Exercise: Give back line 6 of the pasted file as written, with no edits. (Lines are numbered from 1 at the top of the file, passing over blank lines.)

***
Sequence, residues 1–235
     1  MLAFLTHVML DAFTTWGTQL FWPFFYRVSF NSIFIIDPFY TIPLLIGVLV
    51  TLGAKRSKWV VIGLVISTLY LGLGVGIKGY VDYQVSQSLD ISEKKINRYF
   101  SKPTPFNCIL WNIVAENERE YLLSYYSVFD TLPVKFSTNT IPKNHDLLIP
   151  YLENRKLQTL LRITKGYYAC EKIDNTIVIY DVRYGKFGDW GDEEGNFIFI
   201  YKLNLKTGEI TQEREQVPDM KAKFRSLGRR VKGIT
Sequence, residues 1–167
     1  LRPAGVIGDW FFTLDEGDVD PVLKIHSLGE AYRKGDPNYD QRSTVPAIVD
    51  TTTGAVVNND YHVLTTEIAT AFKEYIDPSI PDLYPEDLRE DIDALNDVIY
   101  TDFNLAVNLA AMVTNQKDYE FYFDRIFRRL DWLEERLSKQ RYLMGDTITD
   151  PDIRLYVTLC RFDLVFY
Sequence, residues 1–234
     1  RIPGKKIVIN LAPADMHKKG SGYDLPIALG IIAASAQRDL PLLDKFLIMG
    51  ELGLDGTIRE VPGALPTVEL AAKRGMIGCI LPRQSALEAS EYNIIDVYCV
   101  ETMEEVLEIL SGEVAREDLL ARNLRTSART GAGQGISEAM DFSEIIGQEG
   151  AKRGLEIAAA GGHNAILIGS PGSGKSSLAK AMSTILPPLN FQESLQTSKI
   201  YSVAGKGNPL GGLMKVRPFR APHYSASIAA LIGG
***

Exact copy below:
   201  YKLNLKTGEI TQEREQVPDM KAKFRSLGRR VKGIT